- Colleague Heads of State and Government,
- Secretary General,
Thank you for according me Chairman’s privilege to proceed with my Statement.
May I start by extending sincere appreciation to Dr. Patrick Gomes, for his stewardship as Secretary General, during a tenure in which he represented the Caribbean region. We thank you Secretary General for your contribution to the attainment of the goals of the ACP Group in important areas, and wish you well as you demit office early next year.
As the leadership baton passes to the Southern African region, I extend our heartiest congratulations to His Excellency Georges Rebelo Pinto Chikoti on his election as the new Secretary General of the equally newly established Organization of African, Caribbean and Pacific States. Ambassador, you can be assured of Jamaica’s support in the task ahead, as we engage in a process of transformation for enhanced multilateral collaboration, in support of our common development goals.
Jamaica joined the United Nations Organization on 8th September 1962, just one month after attaining our political independence. We did so, recognizing the importance of the support of an international family in tackling the myriad challenges as a new nation. Since then, we have continued to espouse the virtues of multilateralism, both in principle and in practice and have expanded our membership of international organisations and bodies.
In so doing, we have made clear our unwavering support for the tenets of and opportunities presented by multilateral cooperation. For a small country like ours, multilateralism can and does work. It is in fact the only system that allows both small and large countries to have an equal voice.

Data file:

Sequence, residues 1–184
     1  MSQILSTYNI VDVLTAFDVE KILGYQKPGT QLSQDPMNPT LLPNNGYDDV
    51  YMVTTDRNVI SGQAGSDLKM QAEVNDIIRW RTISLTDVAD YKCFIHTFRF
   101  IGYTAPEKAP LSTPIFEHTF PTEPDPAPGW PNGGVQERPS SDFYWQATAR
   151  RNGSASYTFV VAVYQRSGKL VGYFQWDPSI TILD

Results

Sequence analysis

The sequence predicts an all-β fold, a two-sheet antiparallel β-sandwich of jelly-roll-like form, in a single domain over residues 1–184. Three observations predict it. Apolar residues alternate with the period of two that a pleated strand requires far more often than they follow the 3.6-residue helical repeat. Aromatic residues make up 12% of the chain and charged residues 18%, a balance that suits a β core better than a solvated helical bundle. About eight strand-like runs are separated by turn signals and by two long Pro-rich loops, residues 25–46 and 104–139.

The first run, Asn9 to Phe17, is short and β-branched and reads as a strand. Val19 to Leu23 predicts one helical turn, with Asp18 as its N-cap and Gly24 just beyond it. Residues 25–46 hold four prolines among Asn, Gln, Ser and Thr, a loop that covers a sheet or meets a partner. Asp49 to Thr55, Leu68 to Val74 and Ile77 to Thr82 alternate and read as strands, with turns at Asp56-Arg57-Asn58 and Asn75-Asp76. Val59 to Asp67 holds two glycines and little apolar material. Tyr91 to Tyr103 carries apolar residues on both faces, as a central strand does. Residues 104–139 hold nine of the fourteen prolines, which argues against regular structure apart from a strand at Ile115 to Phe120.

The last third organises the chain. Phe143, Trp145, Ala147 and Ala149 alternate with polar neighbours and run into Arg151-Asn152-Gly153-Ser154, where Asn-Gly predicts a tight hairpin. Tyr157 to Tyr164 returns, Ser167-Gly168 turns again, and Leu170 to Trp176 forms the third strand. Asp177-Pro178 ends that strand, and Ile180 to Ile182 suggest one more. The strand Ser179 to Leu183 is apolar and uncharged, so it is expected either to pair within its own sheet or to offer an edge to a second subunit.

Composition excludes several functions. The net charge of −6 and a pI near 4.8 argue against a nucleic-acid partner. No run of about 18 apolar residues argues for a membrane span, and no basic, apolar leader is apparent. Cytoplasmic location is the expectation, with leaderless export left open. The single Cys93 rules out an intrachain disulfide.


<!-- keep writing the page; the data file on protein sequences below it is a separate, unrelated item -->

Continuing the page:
Admittedly, multilateralism is not without imperfections. Sadly, it is now under threat at the very point at which it is most needed by us – ACP States!
Our ACP Group provides an excellent framework for driving some of the transformation that we need in order to strengthen the multilateral process.
In my address to the ACP Committee of Ambassadors last year, I underscored the significant value of countries with similar constraints, working together to advocate for new approaches to common development challenges, while sharing proven, useful solutions.
Our membership of this body has afforded us significant opportunities for deepening our bilateral and regional contacts with the countries of the Group and with third Parties such as the European Union (EU).
Today, we are on the threshold of a new relationship with the EU. A successor to the Cotonou Partnership Agreement is being negotiated. We are all seeking a more mature relationship; one that will more effectively facilitate our economic and social development through implementation of Agenda 2030 and its Sustainable Development Goals.
The ACP Group seeking collective agreement and action among its six regions with its membership at various stages of development, is indisputable evidence of multilateralism at work. It is a process which we must leverage amongst ourselves.